Discussion
Psoriasis is a common chronic, inflammatory, proliferative and papulosquamous disease of the skin. When psoriasis starts worsening, patients are subjected to increased stress. They have often been noted to be obsessed with the progressing disease and suffer from dysthymia and depression (6).
In the study conducted by Bilac C. et al., all the patients had more than 30% body surface area involved and the disease was progressing rapidly. All were suffering from severe stress due to the progress of the disease (7).
In the female patient described, mirtazapine was applied and brought positive therapeutic results. Mirtazapine enhances noradrenaline and serotonin neurotransmission by its direct effect on various alpha-adrenergic and serotonergic receptors. Mirtazapine increases the release of noradrenaline by blocking the alpha-2 presynaptic adrenoceptors (8). The increase of intrasynaptic noradrenaline concentration activates in turn the alpha-1 adrenoceptors located on serotonergic neurons. Mirtazapine also has high antagonist affinity for the 5-HT2, 5-HT3, and H1 receptors (9). This prevents the overexcitation of serotonergic neurons and adds a sedative component to the spectrum of pharmacological actions of the drug. At the hormonal level, mirtazapine, unlike other antidepressants, reduces the release of corticotrophin and cortisol (10, 11).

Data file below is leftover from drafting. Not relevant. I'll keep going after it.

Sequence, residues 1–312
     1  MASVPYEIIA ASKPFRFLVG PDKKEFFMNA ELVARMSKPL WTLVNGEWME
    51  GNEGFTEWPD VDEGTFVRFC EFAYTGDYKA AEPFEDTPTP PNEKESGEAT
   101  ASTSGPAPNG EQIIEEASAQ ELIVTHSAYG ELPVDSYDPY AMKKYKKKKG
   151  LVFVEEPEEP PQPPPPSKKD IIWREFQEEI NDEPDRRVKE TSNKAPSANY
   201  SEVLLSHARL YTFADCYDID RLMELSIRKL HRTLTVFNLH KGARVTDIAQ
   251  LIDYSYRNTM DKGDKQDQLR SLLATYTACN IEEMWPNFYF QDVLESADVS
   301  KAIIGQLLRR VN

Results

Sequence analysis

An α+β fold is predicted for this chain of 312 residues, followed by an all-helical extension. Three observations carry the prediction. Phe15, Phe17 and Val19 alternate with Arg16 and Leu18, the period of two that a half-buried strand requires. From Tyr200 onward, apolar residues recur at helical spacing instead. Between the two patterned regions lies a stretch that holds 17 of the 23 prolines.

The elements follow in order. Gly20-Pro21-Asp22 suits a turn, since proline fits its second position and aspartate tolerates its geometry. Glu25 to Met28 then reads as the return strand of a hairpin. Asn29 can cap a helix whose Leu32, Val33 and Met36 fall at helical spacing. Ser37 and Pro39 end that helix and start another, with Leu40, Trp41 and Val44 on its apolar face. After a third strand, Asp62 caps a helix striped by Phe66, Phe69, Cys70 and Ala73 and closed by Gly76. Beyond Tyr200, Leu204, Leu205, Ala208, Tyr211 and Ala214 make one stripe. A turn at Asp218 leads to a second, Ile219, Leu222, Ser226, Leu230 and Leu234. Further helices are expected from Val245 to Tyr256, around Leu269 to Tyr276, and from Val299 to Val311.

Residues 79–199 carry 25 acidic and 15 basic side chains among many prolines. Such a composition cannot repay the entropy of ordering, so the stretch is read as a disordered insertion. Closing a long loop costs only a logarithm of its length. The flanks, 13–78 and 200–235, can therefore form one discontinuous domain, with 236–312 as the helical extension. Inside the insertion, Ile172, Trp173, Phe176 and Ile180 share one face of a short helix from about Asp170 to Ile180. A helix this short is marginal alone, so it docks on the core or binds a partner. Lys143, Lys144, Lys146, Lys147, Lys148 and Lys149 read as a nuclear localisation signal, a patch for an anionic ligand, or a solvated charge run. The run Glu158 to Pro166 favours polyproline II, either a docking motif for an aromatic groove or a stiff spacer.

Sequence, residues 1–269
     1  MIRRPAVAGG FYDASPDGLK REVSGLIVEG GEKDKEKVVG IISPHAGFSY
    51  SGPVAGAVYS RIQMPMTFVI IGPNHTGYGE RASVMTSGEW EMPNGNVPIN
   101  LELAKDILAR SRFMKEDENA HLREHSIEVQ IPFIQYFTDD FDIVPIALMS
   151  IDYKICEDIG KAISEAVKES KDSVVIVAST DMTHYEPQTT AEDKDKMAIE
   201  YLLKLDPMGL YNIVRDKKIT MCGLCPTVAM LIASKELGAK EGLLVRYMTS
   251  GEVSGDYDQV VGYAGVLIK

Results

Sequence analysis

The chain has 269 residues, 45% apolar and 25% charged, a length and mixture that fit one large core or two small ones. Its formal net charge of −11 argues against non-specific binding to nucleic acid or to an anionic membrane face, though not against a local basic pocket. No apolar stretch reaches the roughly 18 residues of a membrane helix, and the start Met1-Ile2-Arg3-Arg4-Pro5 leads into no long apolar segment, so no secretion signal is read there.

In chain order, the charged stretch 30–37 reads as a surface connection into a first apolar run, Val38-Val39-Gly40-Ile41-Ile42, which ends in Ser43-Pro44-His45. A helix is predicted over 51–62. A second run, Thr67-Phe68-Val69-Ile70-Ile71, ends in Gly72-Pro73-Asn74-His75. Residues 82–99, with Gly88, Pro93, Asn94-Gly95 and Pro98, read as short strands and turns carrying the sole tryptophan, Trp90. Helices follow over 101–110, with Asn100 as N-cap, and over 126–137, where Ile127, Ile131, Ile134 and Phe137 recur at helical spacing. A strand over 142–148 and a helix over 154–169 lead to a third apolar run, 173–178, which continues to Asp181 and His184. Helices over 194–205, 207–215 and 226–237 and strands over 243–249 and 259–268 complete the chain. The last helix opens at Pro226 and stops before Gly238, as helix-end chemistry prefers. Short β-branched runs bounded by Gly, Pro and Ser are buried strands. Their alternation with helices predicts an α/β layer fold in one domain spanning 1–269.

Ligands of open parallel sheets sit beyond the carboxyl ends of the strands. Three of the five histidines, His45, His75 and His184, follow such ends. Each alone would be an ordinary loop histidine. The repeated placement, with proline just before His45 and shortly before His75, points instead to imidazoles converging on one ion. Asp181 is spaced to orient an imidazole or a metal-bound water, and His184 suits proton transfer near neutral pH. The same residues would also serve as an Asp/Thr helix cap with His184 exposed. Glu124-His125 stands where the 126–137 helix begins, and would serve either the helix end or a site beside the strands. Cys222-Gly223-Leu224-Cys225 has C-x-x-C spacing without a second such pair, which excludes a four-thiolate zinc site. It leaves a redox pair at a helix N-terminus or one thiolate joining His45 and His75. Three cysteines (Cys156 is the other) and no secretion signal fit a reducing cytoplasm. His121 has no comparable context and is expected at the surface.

Many reports suggest that stress affects the skin via the HPA axis. The skin is connected to the brain via the nervous system. Immunohistochemical and electron microscopic analyses have demonstrated the intimate association of epidermal Langerhans cells and a nerve fibre. The function of Langerhans cells was suppressed by the neuropeptide calcitonin gene-related peptide. Another neuropeptide, substance P, is increased after administration of immobilization stress. Hirschfeld R.M. et al. hypothesized that substance P is a regulator of stress reactions affecting the hair cycle. Catecholamines were reported to regulate the Langerhans cell functions (12).
Conclusions:
1. There is a relation between psoriasis and falling ill with depression.
2. Mirtazapine proved to be an effective medication in the treatment of the patient with depression and psoriasis.
Piśmiennictwo